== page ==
News digest: Slovakia will have enough energy, says PM

Mountain Rescuers warn of winter conditions in higher elevations. Learn more in today's digest.

(Source: SME.sk / Hej,ty)

Good evening. Here is the Thursday, September 22 edition of Today in Slovakia - the main news of the day in less than five minutes.


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PM: It's bad, but Slovakia will have enough energy

The legislative framework to enable the government to handle the energy crisis when needed is passing through the legislative process.

After weeks of discussions, on Wednesday, September 21 the cabinet approved the first measures to help fight the energy crisis in Slovakia: the government will be able to declare a state of emergency during a shortage of energy, due to their high prices.

Prime Minister Eduard Heger and Economy Minister Karel Hirman assure that, though the situation is bad, Slovakia will have sufficient energy.

Learn more about the energy crisis in Slovakia:


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Feature story for today

The age of clients requesting mortgages is increasing, also due to the rising prices of properties. Some borrowers will not be able to repay their loans before they turn 75. The National Bank of Slovakia (NBS) fears that this trend will get out of control.

Not all borrowers count on the risk of an income drop after they retire and with health complications tied to old age.

The result can lead to an uncomfortable financial situation, which could possibly make it impossible for them to pay back their debts.

Rules for mortgages will be stricter for people over 40 in Slovakia Read more 

Picture of the day

A medic showing a child the basics of first aid during Žilina Health Day. Medics from the city hospital were advising residents about health care.


In other news

  • Parliament MPs postponed the vote on the amendment of paragraph 363 of the Criminal Code to next Tuesday, with the exception of proposals regarding the energy crisis. The amendment is set to reform the general prosecutor’s arbitrary power to drop inconvenient charges and effectively grant certain people a get-out-of-jail-free card.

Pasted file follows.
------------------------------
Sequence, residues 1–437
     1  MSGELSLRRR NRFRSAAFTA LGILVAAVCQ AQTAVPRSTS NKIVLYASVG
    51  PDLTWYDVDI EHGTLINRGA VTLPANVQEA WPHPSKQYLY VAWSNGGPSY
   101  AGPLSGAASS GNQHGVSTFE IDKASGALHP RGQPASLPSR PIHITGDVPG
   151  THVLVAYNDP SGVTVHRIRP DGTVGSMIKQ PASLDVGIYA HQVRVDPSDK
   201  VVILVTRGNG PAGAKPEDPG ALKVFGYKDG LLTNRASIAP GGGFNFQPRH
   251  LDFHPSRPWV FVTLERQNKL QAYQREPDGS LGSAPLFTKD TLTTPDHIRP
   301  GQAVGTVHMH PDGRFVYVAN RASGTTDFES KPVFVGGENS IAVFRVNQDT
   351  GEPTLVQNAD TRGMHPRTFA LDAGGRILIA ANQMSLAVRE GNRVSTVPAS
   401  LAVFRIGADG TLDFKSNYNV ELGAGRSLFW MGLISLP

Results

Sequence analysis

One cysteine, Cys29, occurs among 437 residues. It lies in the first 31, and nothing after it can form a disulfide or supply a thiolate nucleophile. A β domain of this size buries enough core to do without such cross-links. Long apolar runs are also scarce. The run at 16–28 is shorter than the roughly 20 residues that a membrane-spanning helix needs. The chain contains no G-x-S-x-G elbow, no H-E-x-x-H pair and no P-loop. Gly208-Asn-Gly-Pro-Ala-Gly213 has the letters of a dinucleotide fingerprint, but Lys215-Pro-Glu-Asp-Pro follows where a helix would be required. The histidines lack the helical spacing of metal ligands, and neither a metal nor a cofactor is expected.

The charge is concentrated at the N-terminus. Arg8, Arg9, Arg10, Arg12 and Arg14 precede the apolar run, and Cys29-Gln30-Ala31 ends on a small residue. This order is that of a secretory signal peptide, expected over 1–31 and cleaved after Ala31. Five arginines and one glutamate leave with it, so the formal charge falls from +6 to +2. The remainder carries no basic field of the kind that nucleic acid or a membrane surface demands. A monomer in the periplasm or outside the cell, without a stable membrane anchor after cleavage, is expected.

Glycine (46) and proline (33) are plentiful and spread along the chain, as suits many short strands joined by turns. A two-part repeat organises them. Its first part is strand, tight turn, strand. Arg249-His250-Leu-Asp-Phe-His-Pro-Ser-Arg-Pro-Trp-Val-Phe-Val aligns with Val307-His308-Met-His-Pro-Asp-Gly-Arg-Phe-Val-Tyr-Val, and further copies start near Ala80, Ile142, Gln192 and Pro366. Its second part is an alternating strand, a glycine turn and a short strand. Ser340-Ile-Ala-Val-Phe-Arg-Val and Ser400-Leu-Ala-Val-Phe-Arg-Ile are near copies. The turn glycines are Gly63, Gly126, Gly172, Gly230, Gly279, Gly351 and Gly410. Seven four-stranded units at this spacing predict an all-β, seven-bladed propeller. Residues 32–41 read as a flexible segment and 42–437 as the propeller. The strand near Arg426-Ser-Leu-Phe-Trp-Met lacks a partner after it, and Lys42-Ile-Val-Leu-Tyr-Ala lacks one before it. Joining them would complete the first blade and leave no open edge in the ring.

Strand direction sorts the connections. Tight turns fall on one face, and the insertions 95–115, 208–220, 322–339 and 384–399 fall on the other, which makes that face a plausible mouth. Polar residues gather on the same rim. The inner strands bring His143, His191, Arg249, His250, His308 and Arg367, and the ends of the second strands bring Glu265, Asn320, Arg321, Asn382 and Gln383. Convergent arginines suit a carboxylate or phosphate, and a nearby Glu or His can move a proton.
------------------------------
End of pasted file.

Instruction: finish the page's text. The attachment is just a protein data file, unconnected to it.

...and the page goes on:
• The city of Piešťany has announced a reduction in the intensity of street lighting in order to save costs. With the exception of main streets - Bratislavská, Krajinská and Žilinská cesta - which will be fully illuminated, the intensity of street lights on remaining streets in the city will be down to a third. There are several places in the city, such as cemeteries, or a parking space near the local ice stadium that do not have lights on currently.
  • On Thursday, the Strong Cohesion 2022 military drills in the Lešť training area, central Slovakia came to an end. Around 1,000 soldiers from the Czech Republic, Germany, Slovenia, the United States, and Slovakia participated. The goal was to assess their capabilities. According to the official statement, the goals of the drills were fulfilled.
  • On this Saturday, volunteers can participate in the Čisté hory event (Clean Mountains) for the 44th time in history. The goal of the event is to clean the national parks in the Spiš region after the summer season. Everyone with a positive attitude towards nature is welcome, says event coordinator Igor Stavný from Tatra National Park. All the volunteers need to do is come to one of many starting points where they will receive bags to pick up trash left by tourists. The list of all the starting points can be found here (in Slovak).
  • The Slovak Mountain Rescue Service (HZS) warns tourists of winter conditions on higher elevation paths. In the last couple of days, there has been about a half-metre of snowfall. Moreover, the wind is strong and there is fog. Although the paths are still open, winter equipment such as crampons, ice axes, and even an avalanche beacon is necessary.
  • After five years of work, a meandering river bed in a two-kilometre section of the Rudava River, western Slovakia, has been restored. The restoration will allow better conditions for flora and fauna to flourish and prosper. In the 1970s, half of the Rudava riverbed was covered in concrete blocks to prevent its natural development, making the shape of the river like a line.
  • Košice public transport operator DPMK is unable to operate dozens of lines a day at the moment, according to the company's spokesperson Vladimíra Bujňáková. This is due to malfunctions of their vehicle fleet and a lack of drivers. On Monday September 19, there were 56 missing lines, the following day it was 69, and the day after that 64. According to the DPMK, the solution is to buy new buses and hire more drivers.

If you have suggestions on how this news overview can be improved, you can reach us at editorial@spectator.sk.


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